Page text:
The electrification authentication aspect became quite unreliable due to the external or third parties or illegal access to the domain or sites or to the agreements. As in which it is because due to the development of the technology some people get easily entered into the official site which results in illegal authentication and moreover due to nameless access the service provider has no idea about the authentication and the reply.

Court Jurisdiction

E-contracts has wide scope and shall take place in wide geographical areas and so that if any issue arises the case gets filed in different regions and the defending suits will also be placed in a region which would be far apart and such results in situation where the court will find it difficult on finding its place of jurisdiction in order to resolve the issue in which that is raised.

Conclusion

The Indian legal system has the capacity to address the issue adequately but, the technology gets developed day by day which seeks more attention and regulations in order to deal with the issues in which that is raised. E-contracts are used widely nowadays and such must be regulated properly in order to avoid jeopardy.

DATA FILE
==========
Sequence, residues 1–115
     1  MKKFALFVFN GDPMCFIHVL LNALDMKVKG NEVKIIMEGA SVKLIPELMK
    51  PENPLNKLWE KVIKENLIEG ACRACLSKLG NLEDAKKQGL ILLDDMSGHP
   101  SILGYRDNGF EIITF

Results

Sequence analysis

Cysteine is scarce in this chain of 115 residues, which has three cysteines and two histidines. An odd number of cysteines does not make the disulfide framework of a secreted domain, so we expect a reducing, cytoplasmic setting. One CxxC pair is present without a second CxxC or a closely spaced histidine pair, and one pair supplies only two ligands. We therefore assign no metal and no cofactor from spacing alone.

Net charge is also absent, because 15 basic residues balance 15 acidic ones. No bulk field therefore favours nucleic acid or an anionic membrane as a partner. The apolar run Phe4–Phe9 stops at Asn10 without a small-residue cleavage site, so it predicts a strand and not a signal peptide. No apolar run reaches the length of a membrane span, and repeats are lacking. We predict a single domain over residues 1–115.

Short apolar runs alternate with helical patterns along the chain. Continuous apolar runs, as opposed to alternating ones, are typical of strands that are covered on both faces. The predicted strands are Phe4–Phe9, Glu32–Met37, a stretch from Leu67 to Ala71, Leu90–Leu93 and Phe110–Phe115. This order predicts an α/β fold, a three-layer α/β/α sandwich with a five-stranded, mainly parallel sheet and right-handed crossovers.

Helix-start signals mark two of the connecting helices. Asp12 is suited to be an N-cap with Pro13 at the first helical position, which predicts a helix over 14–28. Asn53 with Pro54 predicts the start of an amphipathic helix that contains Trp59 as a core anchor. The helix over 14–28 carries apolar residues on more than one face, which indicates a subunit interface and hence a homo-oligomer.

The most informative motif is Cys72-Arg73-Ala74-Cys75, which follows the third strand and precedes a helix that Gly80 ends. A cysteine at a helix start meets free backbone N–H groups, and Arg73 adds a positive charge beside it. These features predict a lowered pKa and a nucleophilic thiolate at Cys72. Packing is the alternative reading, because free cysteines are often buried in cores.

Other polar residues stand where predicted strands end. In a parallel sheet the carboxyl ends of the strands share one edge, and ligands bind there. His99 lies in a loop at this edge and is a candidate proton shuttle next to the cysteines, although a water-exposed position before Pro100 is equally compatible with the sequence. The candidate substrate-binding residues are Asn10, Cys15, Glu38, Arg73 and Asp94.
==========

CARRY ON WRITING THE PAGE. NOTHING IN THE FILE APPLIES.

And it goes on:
Reference

  1. The Indian Contract Act, 1872
  2. Kapil Raina, Evidentiary Value Indian of E-Contracts, Legal Service India.
  3. The Information Technology Act, 2000
  4. The Indian Evidence Act, 1872
  5. Dr. S. Sethuram, Deepa C. Kumar, E-Contracts in India: The Framework, Issues and Challenges, International Journal of Emerging Innovation in science and Technology.
  6. Sharma Vakul, “Information Technology, Law and Practice”, Universal Law Publishing Co. 2004.

[1] The Indian Contracts Act 1872 § 2(h).

[2] Kapil Raina, Evidentiary Value of E-Contracts, Legal Service India.

[3] Trimex International FZE Ltd. v. Vedanta Aluminium Ltd, 2010 (1) SCALE 574.

[4] Dr. S. Sethuram, Deepa C. Kumar, E-Contracts in India: The Framework, Issues and Challenges, International Journal of Emerging Innovation in science and Technology.

[5] 1995 AIR 1811